British MPs back gay marriage legislation
Campaigners demonstrate for a Yes vote to allow gay marriage outside Westminster in London yesterday. Photograph: Luke MacGregor/Reuters
British prime minister David Cameron’s plan to legalise gay marriage passed its first hurdle in the House of Commons last night – but he was unable to get a majority of his own Conservative MPs to back him.
The legislation, on which MPs had a conscience vote, passed its second stage easily with the support of most Labour MPs, Liberal Democrats and a smattering from the smaller parties, bar the Democratic Unionist Party.
More than 130 Conservative MPs voted against the Bill, while more abstained, leaving Mr Cameron looking visibly glum when the result was announced shortly after 7pm in the crowded Commons chamber, following six hours of debate.
However, Mr Cameron described it as “a step forward for our country”, while British deputy prime minister Nick Clegg said: “No matter who you are and who you love, we are all equal.”
Fifty-five Conservative MPs – many furious with Mr Cameron over this and other issues – voted against the government on a subsequent whipped vote setting out the timetable for the legislation’s passage.
During the debate, Conservatives were openly divided on the issue, with opponents claiming Mr Cameron had no mandate or was rushing through the changes. MP Richard Drax said it was a sad day for the country.
Under the legislation, those who want to carry out same-sex weddings, such as Quakers and liberal Jews, will be able to do so. However, the Church of England and its counterpart in Wales will be formally barred from doing so.
British culture secretary Maria Miller insisted that churches would not be forced to carry out ceremonies, while teachers and public officials would not be forced to act contrary to their beliefs. Many, though, doubt the value of the pledge.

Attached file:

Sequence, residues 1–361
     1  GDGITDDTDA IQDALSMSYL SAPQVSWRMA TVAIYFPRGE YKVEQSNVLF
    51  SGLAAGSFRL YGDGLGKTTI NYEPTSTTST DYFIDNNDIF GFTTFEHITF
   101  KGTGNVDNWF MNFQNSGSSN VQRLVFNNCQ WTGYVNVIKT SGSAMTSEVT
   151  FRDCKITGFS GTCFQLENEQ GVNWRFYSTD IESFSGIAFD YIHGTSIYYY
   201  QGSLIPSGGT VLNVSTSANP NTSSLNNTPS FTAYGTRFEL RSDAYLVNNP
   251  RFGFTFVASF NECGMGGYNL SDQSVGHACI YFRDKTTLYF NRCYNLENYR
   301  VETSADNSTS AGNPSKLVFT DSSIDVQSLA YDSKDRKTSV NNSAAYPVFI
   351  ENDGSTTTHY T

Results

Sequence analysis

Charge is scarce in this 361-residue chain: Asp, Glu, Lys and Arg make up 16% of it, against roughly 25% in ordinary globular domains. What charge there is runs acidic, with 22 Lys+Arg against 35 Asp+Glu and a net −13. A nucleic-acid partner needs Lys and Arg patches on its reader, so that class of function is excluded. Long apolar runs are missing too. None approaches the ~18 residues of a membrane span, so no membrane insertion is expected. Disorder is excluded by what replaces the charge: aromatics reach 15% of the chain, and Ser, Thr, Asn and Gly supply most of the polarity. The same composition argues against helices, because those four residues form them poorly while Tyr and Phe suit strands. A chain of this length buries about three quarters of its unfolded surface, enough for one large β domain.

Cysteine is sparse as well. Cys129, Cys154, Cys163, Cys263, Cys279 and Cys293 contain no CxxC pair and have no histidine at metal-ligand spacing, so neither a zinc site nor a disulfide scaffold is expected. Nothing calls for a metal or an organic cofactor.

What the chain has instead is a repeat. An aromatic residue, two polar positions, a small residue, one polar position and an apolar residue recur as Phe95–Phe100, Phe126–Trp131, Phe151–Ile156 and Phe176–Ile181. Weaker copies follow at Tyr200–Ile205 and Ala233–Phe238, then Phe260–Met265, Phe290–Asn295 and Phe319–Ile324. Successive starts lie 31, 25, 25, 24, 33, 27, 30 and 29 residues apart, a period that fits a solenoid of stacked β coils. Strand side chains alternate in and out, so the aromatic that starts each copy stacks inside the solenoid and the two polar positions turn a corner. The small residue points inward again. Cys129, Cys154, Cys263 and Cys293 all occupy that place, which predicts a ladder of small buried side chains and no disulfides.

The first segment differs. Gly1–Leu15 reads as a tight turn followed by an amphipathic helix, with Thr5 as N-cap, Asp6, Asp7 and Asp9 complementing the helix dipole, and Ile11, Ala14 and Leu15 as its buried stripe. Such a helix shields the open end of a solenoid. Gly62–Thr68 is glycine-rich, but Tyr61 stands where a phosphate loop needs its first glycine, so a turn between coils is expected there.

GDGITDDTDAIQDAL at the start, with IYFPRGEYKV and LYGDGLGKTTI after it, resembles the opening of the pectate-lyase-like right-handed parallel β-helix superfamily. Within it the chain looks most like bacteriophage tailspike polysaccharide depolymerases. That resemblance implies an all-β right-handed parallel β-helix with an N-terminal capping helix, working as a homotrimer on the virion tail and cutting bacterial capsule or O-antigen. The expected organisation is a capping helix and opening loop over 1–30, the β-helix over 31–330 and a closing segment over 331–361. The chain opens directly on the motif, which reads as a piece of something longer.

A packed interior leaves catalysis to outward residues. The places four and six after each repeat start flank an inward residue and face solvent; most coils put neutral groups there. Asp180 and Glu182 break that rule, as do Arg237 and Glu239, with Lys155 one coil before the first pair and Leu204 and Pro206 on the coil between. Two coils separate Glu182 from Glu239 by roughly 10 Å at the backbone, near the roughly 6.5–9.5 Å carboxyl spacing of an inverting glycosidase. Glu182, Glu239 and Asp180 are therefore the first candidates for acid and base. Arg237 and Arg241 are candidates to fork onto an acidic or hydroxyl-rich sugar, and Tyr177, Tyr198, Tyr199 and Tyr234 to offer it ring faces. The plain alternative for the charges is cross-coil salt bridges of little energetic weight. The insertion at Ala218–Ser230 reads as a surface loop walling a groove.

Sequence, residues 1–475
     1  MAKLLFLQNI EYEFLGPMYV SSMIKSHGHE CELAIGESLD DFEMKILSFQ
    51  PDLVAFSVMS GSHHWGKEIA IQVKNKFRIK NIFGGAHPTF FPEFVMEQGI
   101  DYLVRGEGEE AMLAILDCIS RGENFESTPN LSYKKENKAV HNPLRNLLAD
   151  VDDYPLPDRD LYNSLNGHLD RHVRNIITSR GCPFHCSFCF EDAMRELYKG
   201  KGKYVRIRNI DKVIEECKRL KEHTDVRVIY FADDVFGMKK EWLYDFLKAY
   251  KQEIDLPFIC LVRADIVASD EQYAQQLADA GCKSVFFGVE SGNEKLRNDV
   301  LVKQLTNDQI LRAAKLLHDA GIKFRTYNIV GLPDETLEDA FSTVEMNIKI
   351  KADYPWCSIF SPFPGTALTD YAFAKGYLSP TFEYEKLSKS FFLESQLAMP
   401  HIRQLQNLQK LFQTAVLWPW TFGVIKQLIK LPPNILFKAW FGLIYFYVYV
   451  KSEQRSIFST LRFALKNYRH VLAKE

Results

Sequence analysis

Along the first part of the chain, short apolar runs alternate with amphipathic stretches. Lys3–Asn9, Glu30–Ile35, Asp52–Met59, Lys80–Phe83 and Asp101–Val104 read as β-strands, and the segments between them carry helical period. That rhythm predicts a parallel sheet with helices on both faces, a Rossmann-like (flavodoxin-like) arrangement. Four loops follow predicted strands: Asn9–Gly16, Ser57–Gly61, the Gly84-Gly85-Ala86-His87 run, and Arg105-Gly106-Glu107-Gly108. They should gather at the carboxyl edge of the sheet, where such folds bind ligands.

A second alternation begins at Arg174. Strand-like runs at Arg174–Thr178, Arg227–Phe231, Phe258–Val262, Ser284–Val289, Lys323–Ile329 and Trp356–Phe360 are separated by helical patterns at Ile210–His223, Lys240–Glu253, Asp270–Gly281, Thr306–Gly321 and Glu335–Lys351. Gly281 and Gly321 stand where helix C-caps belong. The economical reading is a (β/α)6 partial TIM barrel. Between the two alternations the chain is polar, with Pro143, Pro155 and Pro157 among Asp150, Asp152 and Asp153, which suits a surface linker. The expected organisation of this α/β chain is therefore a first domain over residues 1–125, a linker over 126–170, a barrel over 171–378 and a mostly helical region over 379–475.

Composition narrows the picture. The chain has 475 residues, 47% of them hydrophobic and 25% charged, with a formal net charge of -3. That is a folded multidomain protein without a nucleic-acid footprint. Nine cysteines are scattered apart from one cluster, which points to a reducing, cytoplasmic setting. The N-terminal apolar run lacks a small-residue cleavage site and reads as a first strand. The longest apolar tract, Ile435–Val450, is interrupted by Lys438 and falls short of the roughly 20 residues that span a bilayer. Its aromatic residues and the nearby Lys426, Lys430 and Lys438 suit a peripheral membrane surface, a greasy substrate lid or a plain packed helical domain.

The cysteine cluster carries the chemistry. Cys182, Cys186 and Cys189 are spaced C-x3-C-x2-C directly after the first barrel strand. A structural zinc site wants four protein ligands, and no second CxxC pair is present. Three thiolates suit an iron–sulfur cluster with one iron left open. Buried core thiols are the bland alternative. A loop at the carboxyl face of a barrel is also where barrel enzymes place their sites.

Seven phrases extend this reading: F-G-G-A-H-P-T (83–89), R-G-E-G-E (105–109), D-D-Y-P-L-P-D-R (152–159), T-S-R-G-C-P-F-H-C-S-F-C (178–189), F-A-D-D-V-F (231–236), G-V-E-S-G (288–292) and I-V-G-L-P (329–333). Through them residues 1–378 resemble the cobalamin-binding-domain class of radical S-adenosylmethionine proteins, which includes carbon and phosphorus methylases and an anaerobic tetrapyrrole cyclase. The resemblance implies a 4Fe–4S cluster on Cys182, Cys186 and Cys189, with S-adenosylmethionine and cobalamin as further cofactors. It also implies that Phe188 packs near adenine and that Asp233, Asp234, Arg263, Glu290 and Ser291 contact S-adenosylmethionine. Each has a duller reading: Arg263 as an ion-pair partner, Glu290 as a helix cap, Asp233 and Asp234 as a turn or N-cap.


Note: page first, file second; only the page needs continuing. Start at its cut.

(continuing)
Conservative Milton Keynes MP Iain Stewart said he had told his mother he was gay with the words “You know I am never going to be able to marry”.
He aspired, he said, to have the same loving 45-year relationship enjoyed by his parents.
His colleague David Burrowes, who opposed the legislation, said he had received death threats, while his children had been taunted in the street and told “their Dad is a bigot”, a Nazi and a homophobe because of his stand.
“I fear for the liberty of the conscience of my constituents who may not have such broad shoulders: public-sector workers, teachers and others in the workplace who see no protection in the Bill,” he said.
The changes, if passed by the Commons and the House of Lords, will apply only in England and Wales, though Scotland has its own plans to legalise same-sex marriages. However, Democratic Unionist MPs were united in their opposition.
Upper Bann MP David Simpson warned the prime minister that legislation changing thousands of years of history would undermine the Conservative Party’s grassroots organisation. “There is a price to be paid for this.”
The House of Commons had “no jurisdiction” to change the definition of marriage, said Mr Simpson as he predicted that teachers and churches would “end up before the courts and they will lose” if they refuse to accept the new orthodoxy.
He caused laughter, however, when he added: “This is not the jurisdiction of this government, of any European government or any government in the world. This is an ordained constitution of God. In the Garden of Eden it was Adam and Steve . . . It was Adam and Eve, it wasn’t Adam and Steve.”
South Antrim MP the Rev William McCrea said moral truths learned “at mother’s knee” were threatened by the legislation, which would “wipe away” values that had held true for centuries for people around the world, irrespective of their beliefs.